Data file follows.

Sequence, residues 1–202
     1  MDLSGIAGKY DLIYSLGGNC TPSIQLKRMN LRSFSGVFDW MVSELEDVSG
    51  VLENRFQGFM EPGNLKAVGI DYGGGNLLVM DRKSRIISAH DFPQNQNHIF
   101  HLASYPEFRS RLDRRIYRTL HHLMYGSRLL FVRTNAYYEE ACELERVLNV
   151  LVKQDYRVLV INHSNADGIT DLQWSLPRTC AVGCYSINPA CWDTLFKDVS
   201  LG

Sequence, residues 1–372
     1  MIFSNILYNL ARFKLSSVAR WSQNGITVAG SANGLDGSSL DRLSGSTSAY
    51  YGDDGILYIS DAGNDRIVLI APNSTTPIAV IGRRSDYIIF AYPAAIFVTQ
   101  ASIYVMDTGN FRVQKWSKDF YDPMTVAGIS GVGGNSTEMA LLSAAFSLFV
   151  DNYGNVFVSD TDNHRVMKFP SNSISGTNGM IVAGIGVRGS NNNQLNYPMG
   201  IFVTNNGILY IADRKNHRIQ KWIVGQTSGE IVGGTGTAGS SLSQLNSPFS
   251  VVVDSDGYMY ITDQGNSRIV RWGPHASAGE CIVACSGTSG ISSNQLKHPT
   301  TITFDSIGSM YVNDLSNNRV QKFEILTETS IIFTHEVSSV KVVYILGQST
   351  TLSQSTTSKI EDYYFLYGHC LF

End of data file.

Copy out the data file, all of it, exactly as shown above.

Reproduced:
Sequence, residues 1–202
     1  MDLSGIAGKY DLIYSLGGNC TPSIQLKRMN LRSFSGVFDW MVSELEDVSG
    51  VLENRFQGFM EPGNLKAVGI DYGGGNLLVM DRKSRIISAH DFPQNQNHIF
   101  HLASYPEFRS RLDRRIYRTL HHLMYGSRLL FVRTNAYYEE ACELERVLNV
   151  LVKQDYRVLV INHSNADGIT DLQWSLPRTC AVGCYSINPA CWDTLFKDVS
   201  LG

Sequence, residues 1–372
     1  MIFSNILYNL ARFKLSSVAR WSQNGITVAG SANGLDGSSL DRLSGSTSAY
    51  YGDDGILYIS DAGNDRIVLI APNSTTPIAV IGRRSDYIIF AYPAAIFVTQ
   101  ASIYVMDTGN FRVQKWSKDF YDPMTVAGIS GVGGNSTEMA LLSAAFSLFV
   151  DNYGNVFVSD TDNHRVMKFP SNSISGTNGM IVAGIGVRGS NNNQLNYPMG
   201  IFVTNNGILY IADRKNHRIQ KWIVGQTSGE IVGGTGTAGS SLSQLNSPFS
   251  VVVDSDGYMY ITDQGNSRIV RWGPHASAGE CIVACSGTSG ISSNQLKHPT
   301  TITFDSIGSM YVNDLSNNRV QKFEILTETS IIFTHEVSSV KVVYILGQST
   351  TLSQSTTSKI EDYYFLYGHC LF